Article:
This malware family is used to compromise computers in various ways, at the attacker's will. For example, it can distribute additional malware, send spam, generate false 'pay per click' advertising revenue, harvest email addresses, and even break the security features of the "captchas" that are often used as a means of verification. The malware can also embed itself as a rootkit to bypass any detection and removal of it. This is illustrated in the above two screenshots.

The distribution URL includes the and the websites. By using the Linux based "file" and "strings" commands, it was revealed that these are 32-bit Windows executable files. Also, we also observed the file sections and the file imports which include the following Windows-based DLLs:

  • kernel32.dll
  • KERNEL32.dll
  • USER32.dll
  • GDI32.dll
  • ADVAPI32.dll
  • SHELL32.dll
  • ole32.dll
  • WinSCard.dll
  • COMCTL32.dll
  • pdh.dll
  • RPCRT4.dll
  • gdiplus.dll
  • WINHTTP.dll
  • WTSAPI32.dll

The corresponding executable files can even be accessing the privilege DLLs, as it is illustrated in the screenshot below:

Not forgetting that there are plenty of object files dumped from the export, we see some form of obfuscated data that may not be necessarily maybe malicious. While tracking down the command and control center, we come across numerous POST requests that contain obfuscated data.

This is an expected behavior from the client side which tries POSTing data to the server. There are also instances in which the data may be transferred to the server on port 443 but will be cleartext in nature. This is all illustrated in the above screenshots.

To track this down, we can make use of the network logs or signatures from the SIEM tools. If these tools are not available, we can then go ahead with either the VirusTotal or the hybrid These resources both consist of a database that has command and control centers, depending on the type of malware that is identified. This is illustrated in the screenshot below:

Finally, we have now reached a level where it has been confirmed that various attack agents and can now "beef up" the process with all sorts of details. As a result, this can be used by the defensive mechanisms that are implemented by the affected organization.


Infected Machine Details:

Hostname: FlashGordon-PC

IP Address:

Infection Time and Date: Jun 27.2017 09:38:32 EDT

Operating System: Windows 7(user agent string mapped with operating systems)

Malicious Files Downloaded:

  • gerv.gun
  • wp.exe
  • trow.exe

Malicious Domain Observed:

Domain Registered Countries:

  • United States of America (Phoenix, AZ)
  • United States of America (Fort Lauderdale, FL)

Malware Variants Downloaded:

  • Win32/Cutwail
  • Trojan-Banker.Win32.Shiotob.wiu

Malware Impact:

It does the following:

  • Steals passwords
  • Provides advanced stealth functionality by dropping a second device driver to the disk;
  • Downloads and runs files;
  • Hides and protect its registry entries;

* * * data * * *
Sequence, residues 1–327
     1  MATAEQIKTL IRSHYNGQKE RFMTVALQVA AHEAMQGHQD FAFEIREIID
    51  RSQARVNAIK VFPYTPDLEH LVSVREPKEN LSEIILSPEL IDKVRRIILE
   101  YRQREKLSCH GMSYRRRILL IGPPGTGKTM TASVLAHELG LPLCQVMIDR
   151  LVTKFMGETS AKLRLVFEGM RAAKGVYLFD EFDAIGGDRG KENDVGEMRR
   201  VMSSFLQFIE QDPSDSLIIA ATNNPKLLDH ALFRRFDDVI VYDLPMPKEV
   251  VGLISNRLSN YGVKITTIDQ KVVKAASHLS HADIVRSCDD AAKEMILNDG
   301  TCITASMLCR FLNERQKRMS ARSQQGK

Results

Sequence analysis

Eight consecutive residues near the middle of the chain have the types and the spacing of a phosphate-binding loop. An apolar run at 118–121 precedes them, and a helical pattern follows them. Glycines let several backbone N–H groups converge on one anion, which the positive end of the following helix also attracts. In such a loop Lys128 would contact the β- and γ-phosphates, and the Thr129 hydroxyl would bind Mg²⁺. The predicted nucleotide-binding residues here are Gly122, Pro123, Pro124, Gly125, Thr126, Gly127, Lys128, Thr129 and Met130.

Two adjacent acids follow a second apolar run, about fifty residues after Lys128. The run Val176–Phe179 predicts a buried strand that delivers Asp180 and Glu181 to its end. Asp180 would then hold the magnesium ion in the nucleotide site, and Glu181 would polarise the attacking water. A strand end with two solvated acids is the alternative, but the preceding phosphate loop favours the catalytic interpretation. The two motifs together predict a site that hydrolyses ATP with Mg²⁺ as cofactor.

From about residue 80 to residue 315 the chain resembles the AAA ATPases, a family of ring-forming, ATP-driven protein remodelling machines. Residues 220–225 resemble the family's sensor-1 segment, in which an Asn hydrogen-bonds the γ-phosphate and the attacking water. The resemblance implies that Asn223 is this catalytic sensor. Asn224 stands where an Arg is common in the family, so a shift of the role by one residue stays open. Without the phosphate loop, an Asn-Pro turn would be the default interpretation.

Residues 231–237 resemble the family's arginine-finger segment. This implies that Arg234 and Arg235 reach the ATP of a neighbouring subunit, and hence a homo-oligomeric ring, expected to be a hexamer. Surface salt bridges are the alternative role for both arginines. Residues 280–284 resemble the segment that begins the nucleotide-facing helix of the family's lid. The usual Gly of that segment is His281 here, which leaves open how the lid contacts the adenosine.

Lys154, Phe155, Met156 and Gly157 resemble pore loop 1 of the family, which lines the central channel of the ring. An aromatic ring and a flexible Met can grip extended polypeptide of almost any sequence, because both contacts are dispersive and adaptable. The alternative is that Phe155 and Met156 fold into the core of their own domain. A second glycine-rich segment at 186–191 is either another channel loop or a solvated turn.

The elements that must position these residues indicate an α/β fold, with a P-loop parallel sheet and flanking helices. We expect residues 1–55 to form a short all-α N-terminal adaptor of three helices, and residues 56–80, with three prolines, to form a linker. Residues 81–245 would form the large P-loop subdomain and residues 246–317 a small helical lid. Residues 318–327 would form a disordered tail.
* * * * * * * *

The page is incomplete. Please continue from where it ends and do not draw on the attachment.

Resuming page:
• Hooks the various functions via the System Service Descriptor Table (SSDT);
  • Changes Internet settings;
  • Disables programs;
  • Monitors and steals user credentials;
  • Communicate directly with a remote server.

Md5 Signatures:

wp.exe - 4da48f6423d5f7d75de281a674c2e620

trow.exe - fb75d4f81be51074bb4147e781e5b402

(Obtained using md5sum command)

Possible Exploited Software's:

  • Adobe flash
  • Microsoft Internet Explorer 7

Signatures Triggered:

  • ILE-EXECUTABLE download of executable content [11192]
  • FILE-EXECUTABLE Portable Executable binary file magic detected [15306]
  • INDICATOR-OBFUSCATION potential JavaScript unescape obfuscation attempt detected [19887]
  • POLICY-OTHER Remote non-JavaScript file found in script tag src attribute [32481]
  • POLICY-OTHER Remote non-JavaScript file found in script tag src attribute [35180]
  • ILE-EXECUTABLE download of executable content [11192]
  • FILE-EXECUTABLE Portable Executable binary file magic detected [15306]
  • INDICATOR-OBFUSCATION potential JavaScript unescape obfuscation attempt detected [19887]
  • POLICY-OTHER Remote non-JavaScript file found in script tag src attribute [32481]
  • POLICY-OTHER Remote non-JavaScript file found in script tag src attribute [35180]
  • ET SHELLCODE Possible UTF-16 encoded Shellcode Detected [2003174]
  • ET TROJAN Possible Downadup/Conficker-C P2P encrypted traffic UDP Ping Packet (bit value 1) [2009205]
  • ET TROJAN Backdoor.Win32.Pushdo.s Checkin [2016867]
  • ET TROJAN Connection to Fitsec Sinkhole IP (Possible Infected Host) [2016998]
  • ET TROJAN Possible Compromised Host Sinkhole Cookie Value Snkz [2018141]
  • ET TROJAN Pushdo.S CnC response [2018897]
  • ET CURRENT_EVENTS WinHttpRequest Downloading EXE [2019822]
  • ET POLICY OpenDNS IP Lookup [2023472]
  • ET SCAN Unusually Fast 403 Error Messages, Possible Web Application Scan [2009749]
  • ET SCAN Unusually Fast 404 Error Messages (Page Not Found), Possible Web Application Scan/Directory Guessing Attack [2009885]
  • GPL WEB_SERVER 403 Forbidden [2101201]
  • ET POLICY Proxy Connection detected [2001449]
  • ETPRO TROJAN Sinkhole Reply [2826425]
  • ET POLICY PE EXE or DLL Windows file download [2000419]
  • ET POLICY exe download via HTTP - Informational [2003595]
  • ET POLICY Binary Download Smaller than 1 MB Likely Hostile [2007671]
  • ET POLICY Internet Explorer 6 in use - Significant Security Risk [2010706]


There are various techniques by which an organization can defend itself. This Includes all the following:

  • Making use of both IDS and IPS technologies for data packet level analysis;
  • Deploying firewalls and routers;
  • Running up-to-date security features of any software package that is used;
  • Getting the latest software updates and installing on them;
  • Understanding how malware works via security awareness training programs;
  • Limiting user privileges;
  • Using caution with attachments and file transfers;
  • Being vigilant when clicking on links to web pages;
  • Avoiding downloading pirated software;
  • Creating and implementing strong passwords.


Kapil Kulkarni
Kapil Kulkarni

Kapil Kulkarni is Security Consultant at Aujas Networks and Freelance Writer. Kapil is a security pentester with over 3 years experience in the field, he is Offensive Security Certified Professional and Certified Ethical Hacker at EC Council.He is also a bug-bounty hunter and has interest in threat hunting.In the past he has worked on IoT, SCADA , PLC along with application and network security projects as well.His blog of teampwners can be found here: and can be reached at and LinkedIn here at